Few people outside the circle of those with a real interest in polar studies know of the American Dr. Frederick Albert Cook. He is nevertheless a significant figure in the history of polar exploration, and a controversial one as well. Born and educated in New York, he first went to the Arctic with Robert E. Peary in 1890-1892 as his surgeon. Thereafter, Cook was a participant in seven other international Arctic and Antarctic expeditions through 1909.
Cook alleged, fraudulently, that he climbed Mt. McKinley in 1906, and as part of an Arctic expedition in 1907-1909, he claimed to have reached the North Pole in April 1908, almost a full year before Peary. In part because of his earlier Mt. McKinley fiasco and in part because of a lack of substantiating evidence, Peary accused Cook of having committed yet another deception. Both men defended their positions in publications and talks and have had their supporters among polar explorers and scholars; the dispute surrounding Cook’s claim reaches into the present. In his later years, Cook became an oil- field promoter in Texas, and served part of an eight-year sentence for mail fraud in prison in 1925-1930 before receiving a pardon.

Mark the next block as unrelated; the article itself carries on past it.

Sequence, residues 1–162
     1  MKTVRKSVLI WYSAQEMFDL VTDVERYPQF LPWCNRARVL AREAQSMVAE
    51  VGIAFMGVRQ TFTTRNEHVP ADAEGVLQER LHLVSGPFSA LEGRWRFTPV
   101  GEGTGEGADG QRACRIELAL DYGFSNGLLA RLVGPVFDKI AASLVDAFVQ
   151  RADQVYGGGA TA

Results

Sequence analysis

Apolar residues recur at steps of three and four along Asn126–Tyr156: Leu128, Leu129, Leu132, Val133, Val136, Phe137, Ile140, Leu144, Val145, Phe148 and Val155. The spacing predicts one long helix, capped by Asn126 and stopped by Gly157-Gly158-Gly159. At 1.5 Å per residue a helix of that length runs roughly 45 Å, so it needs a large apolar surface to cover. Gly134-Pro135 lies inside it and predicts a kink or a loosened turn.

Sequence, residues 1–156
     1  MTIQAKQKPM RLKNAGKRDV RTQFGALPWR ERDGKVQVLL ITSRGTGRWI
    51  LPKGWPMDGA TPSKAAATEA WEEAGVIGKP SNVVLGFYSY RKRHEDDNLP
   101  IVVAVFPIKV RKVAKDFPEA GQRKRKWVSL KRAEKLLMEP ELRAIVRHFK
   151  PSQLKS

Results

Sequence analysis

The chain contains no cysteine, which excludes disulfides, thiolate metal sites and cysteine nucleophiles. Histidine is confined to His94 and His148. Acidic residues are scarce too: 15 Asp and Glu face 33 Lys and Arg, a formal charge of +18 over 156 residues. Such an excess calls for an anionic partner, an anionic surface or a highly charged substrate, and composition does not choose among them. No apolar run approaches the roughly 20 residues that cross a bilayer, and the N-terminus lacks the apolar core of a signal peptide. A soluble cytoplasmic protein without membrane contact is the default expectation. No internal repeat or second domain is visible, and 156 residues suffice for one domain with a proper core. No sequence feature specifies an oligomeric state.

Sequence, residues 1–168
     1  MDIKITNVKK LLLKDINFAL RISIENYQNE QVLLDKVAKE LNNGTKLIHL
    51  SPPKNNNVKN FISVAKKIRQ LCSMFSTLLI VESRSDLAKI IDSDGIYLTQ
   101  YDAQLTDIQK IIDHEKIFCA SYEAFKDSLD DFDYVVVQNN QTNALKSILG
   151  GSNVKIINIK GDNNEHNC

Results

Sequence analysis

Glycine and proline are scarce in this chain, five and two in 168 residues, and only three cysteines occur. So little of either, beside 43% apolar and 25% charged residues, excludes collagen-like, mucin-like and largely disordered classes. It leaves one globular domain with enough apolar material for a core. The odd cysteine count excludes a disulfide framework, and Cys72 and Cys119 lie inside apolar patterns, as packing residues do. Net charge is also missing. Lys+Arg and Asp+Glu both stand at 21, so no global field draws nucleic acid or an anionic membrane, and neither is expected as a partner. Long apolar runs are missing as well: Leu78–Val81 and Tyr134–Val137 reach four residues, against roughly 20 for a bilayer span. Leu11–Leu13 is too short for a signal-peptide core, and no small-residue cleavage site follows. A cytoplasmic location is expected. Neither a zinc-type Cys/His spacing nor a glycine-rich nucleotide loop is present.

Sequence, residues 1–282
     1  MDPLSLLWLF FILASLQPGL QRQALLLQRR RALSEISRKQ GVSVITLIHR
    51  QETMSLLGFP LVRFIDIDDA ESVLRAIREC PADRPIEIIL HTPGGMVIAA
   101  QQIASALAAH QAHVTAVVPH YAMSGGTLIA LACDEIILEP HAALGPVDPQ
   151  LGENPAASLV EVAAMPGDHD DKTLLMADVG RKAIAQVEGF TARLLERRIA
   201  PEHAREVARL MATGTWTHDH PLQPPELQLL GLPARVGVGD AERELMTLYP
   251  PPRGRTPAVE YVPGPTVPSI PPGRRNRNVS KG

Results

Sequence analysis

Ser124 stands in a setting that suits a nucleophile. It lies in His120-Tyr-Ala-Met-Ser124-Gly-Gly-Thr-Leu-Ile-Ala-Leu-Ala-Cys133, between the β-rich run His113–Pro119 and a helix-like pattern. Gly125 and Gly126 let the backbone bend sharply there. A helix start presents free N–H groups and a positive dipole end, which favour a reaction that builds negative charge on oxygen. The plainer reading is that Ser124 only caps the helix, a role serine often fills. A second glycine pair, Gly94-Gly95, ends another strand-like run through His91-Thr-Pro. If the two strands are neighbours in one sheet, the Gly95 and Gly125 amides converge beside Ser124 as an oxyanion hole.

Frederick Albert Cook 1865-1940, by Vladislav S. Koryakin in Russian, is the first reasonably complete treatment of the polar explorer to appear in any language. The author is considered the leading Russian glaciologist and is the polar historian of the Department of Geography of the Russian Academy of Sciences, who for the last two decades has translated into Russian and edited the works of Roald Amundsen, Peter Freuchen, Peary, and Cook. Koryakin rather scientifically lays out Cook’s life and then, relatively dispassionately, discusses its controversies, above all those concerning the Mt. McKinley climb and reaching the North Pole. With regard to the latter dispute, like most Russian scholars and many others in the field he lines up with Cook against Peary. Koryakin argues that while Cook’s scaling of Mt. McKinley may be in doubt, this should not influence in a major way the examination of the North Pole evidence, which Koryakin believes is substantial enough to support Cook’s contention.
This volume is illustrated throughout with numerous black-and-white
period photographs and maps. It concludes with a brief but helpful chronology of Cook’s
life and a bibliography of Russian and English primary and other sources.
Obviously, this book does not settle the Cook-Peary argument, but
rather continues it and even contributes to it.
Koryakin has written a notable piece of polar exploration
scholarship that deserves to reach a wider audience by being translated
into English and other Western languages.